and Inferno operating systems. It resembles the Bourne shell, but its syntax is somewhat simpler. It was created by Tom Duff, who is better known for an unusual C programming language construct called Duff’s device.
k). scsh: Scsh is a POSIX API layered on top of the Scheme
programming language (currently only a Scheme 48 implementation exists, but others are planned) in a manner to make the most of scheme’s capability for scripting. It is limited to 32-bit platforms.
l). sash: Stand-alone shell (sash) is a Unix shell designed for
use in recovering from certain types of system failures. The built in commands of sash have all libraries linked statically, so unlike most shells, the standard UNIX commands do not rely on external libraries. For
example the copy command (cp) requires linux-gate.so, libc.so, and ldlinux.so when built from GNU coreutils on Linux. If any of these libraries get corrupted, the coreutils cp command would not work, however in sash, the built-in command, cp, would be unaffected.
m). zsh: The Z shell (zsh) is a Unix shell that can be used as
an interactive login shell and as a powerful command interpreter for shell scripting. Zsh can be thought of as an extended bourne shell with a large number of improvements, including some of the most useful features of bash, ksh, and tcsh.
5. USE OF SHELL:While it's true that the shell is an older style of interacting with a computer than the graphical user interface, the graphical user interface is actually the more primitive interface. The graphical user interface is easy to learn and widely used, but the shell is vastly more sophisticated. Using a graphical user interface is somewhat like communicating in American Indian sign language. If your message is a simple one, like "we come in peace," you can communicate it by using a few gestures. However, if you attempted to give Lincoln's Gettysburg address - a notably short public discourse - by means of American Indian sign language, you'd find your task quite formidable. American Sign Language, used to communicate with those who have a hearing impairment, is a much richer language than American Indian sign language. Unfortunately, programmers have not yet risen to the challenge of creating graphical user interfaces that are equally sophisticated. The designer of a program that provides a graphical user interface must anticipate all the possible ways in which the user will interact with the program and provide ways to trigger the appropriate program responses by means of pointing and clicking. Consequently, the user is constrained to working only in predicted ways. The user is therefore unable to adapt the graphical user interface program to accommodate unforeseen tasks and circumstances. In a nutshell, that's why many system administration tasks are performed using the shell: system administrators, in fulfilling their responsibility to keep a system up and running, must continually deal with and overcome the unforeseen.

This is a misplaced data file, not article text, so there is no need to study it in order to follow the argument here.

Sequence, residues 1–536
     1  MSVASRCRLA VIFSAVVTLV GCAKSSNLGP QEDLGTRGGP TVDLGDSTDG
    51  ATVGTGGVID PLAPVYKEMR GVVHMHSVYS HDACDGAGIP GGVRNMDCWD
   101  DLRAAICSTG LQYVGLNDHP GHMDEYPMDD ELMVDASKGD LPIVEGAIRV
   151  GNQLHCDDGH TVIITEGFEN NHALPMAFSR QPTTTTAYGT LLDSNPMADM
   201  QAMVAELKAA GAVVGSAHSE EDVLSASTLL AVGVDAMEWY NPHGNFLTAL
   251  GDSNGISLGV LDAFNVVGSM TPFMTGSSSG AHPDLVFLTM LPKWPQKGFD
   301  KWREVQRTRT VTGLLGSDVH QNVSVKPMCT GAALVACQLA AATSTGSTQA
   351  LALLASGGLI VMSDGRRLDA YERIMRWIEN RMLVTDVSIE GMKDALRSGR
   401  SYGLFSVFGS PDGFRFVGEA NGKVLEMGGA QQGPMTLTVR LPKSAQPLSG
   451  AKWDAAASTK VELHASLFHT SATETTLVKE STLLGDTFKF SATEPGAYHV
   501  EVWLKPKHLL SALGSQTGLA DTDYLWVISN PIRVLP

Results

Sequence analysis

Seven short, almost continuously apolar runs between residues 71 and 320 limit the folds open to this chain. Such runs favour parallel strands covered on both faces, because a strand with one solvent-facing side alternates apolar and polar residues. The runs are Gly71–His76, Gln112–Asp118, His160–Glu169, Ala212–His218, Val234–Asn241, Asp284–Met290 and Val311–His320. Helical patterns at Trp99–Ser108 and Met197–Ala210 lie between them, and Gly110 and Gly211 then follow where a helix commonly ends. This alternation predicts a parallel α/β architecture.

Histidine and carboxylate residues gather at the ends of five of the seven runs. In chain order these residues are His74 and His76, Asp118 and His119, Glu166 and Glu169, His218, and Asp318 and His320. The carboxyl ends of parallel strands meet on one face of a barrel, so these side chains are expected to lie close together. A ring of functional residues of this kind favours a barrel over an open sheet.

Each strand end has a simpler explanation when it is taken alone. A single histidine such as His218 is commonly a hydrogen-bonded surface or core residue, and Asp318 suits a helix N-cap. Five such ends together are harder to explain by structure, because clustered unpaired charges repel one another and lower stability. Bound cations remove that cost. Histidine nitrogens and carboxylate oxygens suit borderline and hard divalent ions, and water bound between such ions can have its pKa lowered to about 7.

The shell reflects the underlying philosophy of Unix, which provides a wide variety of small, simple tools (that is, programs), each performing a single task. When a complex operation is needed, the tools work together to accomplish the complex operation as a series of simple operations, one step at a time. Many Unix tools manipulate text and, since Unix stores its configuration data in text form rather than in binary form, the tools are ideally suited for manipulating Unix itself. The shell's ability to freely combine tools in novel ways is what makes Unix powerful and sophisticated. Moreover, as you'll learn, the shell is extensible: You can create shell scripts that let you store a series of commands for later execution, saving you the future tedium of typing or pointing and clicking to recall them.
6. REFERENCES:1. BEGINNNIG TO LINUX PROGRAMMING 2. ARTITECTURE LINUX 3. SOFTPEDIA.COM